Meet Trent Ambassador Julia
Fortunate are those able to pursue their passion of helping others with a group of like-minded individuals while, at the same time, learning to better carry their own burden.
Her own experience dealing with anxiety never far from her mind, Cam’s Kids Ambassador Julia Beggs is part of a very active and committed Trent University team. This team works to ensure that anxiety-struggling students are well aware of two things: one, they are far from alone and, two, there are a number of resources available to help.
“Anxiety is something we all experience at some point,” says Julia, now in the second year of a four-year Social Work program, having arrived at Trent from her small rural community home some two hours north of Peterborough.
“I don’t really remember a time when I haven’t struggled with anxiety. Some of us have anxiety daily; some of us get it before a test. The degree of one’s anxiety doesn’t matter. All anxiety experiences are valid. It should still be talked about no matter what degree of it you experience.”
“You should know how to deal with it. You should know where you can reach out to if it gets to the point that it’s debilitating, stopping you from [doing] the things you love to do. Anxiety should never be something that stops you from living life. There are ways that you can get it under control. There are ways that you can get your life back.”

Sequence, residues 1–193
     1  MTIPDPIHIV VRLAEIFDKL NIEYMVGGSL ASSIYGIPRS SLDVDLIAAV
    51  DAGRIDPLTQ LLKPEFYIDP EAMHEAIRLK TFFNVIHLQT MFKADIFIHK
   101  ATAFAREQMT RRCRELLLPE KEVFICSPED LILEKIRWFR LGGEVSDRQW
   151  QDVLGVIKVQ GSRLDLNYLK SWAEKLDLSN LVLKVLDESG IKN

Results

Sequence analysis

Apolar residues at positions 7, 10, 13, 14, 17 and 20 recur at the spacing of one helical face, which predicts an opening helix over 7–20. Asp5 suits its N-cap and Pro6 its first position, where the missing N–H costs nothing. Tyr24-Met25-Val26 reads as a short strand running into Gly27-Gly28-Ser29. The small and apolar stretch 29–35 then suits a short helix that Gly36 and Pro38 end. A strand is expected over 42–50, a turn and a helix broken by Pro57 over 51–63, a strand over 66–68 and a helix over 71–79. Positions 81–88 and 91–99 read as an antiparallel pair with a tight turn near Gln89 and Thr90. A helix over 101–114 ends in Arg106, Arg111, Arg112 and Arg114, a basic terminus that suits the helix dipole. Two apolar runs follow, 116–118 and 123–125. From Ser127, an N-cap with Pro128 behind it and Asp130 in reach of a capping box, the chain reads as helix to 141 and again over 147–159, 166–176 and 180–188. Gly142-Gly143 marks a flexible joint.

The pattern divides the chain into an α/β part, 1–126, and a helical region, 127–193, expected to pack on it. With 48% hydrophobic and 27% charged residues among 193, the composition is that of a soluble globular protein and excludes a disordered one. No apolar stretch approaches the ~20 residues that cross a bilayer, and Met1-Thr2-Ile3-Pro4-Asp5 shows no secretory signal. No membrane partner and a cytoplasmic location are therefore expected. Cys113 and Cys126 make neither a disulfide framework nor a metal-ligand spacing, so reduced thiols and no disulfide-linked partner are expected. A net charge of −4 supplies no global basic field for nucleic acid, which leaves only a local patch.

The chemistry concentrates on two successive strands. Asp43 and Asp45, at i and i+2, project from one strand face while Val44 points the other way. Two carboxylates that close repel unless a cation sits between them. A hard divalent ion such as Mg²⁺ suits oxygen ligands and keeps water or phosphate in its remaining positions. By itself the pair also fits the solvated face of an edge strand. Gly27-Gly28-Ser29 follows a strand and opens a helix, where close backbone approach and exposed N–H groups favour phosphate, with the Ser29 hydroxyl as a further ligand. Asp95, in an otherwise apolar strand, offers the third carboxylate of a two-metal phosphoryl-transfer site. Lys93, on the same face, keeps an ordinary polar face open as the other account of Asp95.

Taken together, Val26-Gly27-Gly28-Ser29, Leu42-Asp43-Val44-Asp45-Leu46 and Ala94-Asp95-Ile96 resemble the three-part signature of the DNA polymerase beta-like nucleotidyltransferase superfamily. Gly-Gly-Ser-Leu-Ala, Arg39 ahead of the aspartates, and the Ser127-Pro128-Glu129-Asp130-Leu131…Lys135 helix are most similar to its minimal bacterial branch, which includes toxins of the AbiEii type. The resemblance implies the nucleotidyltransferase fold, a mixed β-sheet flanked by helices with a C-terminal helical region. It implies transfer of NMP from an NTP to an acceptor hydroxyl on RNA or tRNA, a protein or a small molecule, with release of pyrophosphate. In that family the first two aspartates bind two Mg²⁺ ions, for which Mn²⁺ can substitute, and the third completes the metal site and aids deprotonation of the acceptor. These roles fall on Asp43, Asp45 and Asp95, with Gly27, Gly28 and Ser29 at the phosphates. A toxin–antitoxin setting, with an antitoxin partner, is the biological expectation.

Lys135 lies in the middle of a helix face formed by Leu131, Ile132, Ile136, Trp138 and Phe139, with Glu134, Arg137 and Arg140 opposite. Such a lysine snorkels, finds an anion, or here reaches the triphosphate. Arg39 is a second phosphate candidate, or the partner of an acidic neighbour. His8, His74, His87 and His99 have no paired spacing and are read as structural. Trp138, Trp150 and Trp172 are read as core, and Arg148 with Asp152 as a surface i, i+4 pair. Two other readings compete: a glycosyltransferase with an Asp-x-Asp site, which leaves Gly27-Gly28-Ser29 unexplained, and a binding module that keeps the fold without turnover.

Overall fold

Julie explains that last year, in her quest to become more involved with her university community, she came across Cam’s Kids and reached out to learn more. She saw it as a perfect fit for her right from the get-go. She has since contributed her graphic design skills to the team’s efforts as well as helped co-plan outreach events and workshops.
“I’m really passionate about mental health advocacy,” she says.
“It’s such an amazing group. We all work together really well. We all have the same goal, which is to reduce the stigma around anxiety, both on campus and in our communities. I feel so empowered being a part of Cam’s Kids but I’m also learning and educating myself as part of the process.”
While she acknowledges that the COVID-19 pandemic has put the brakes on in-person outreach events, Julia assures the Trent Cam’s Kids team is doing what it can virtually to make students aware of its existence as well as the resources that are available to help.
“My Cam’s Kids experience has definitely made me more empathetic and a better listener,” says Julia.
“We try to avoid acting in a [counsellor] or therapist role. Rather, if you need someone to talk to, we’re here. We’re open to listening and we validate how you feel. It’s really just a matter of being there for them. Sometimes the best thing for a person to do is let it all out.”
Her best advice to those dealing with anxiety is “[r]each out. No one is going to think any less of you. Anxiety is something we all deal with. We have to work to the point in society where anxiety, and reaching out for help with any kind of mental health issue, is seen as normal.”
Post-university, Julia aspires to work with children in some capacity.
“I’ve worked as a children’s program coordinator for the past six years at a library and it’s my absolute favourite thing in the world to do. I just love the way kids see the world. Viewing the world through their eyes is so amazing.”
“But I also want to continue with my mental health advocacy. I look forward to being part of a future society where anxiety is talked about more. It’s such a confusing emotion. If no one is talking about it, you feel so alone and isolated. It’s a normal thing and it can be controlled. There are ways to live your life with anxiety and still be super happy and successful and do what you want to do.”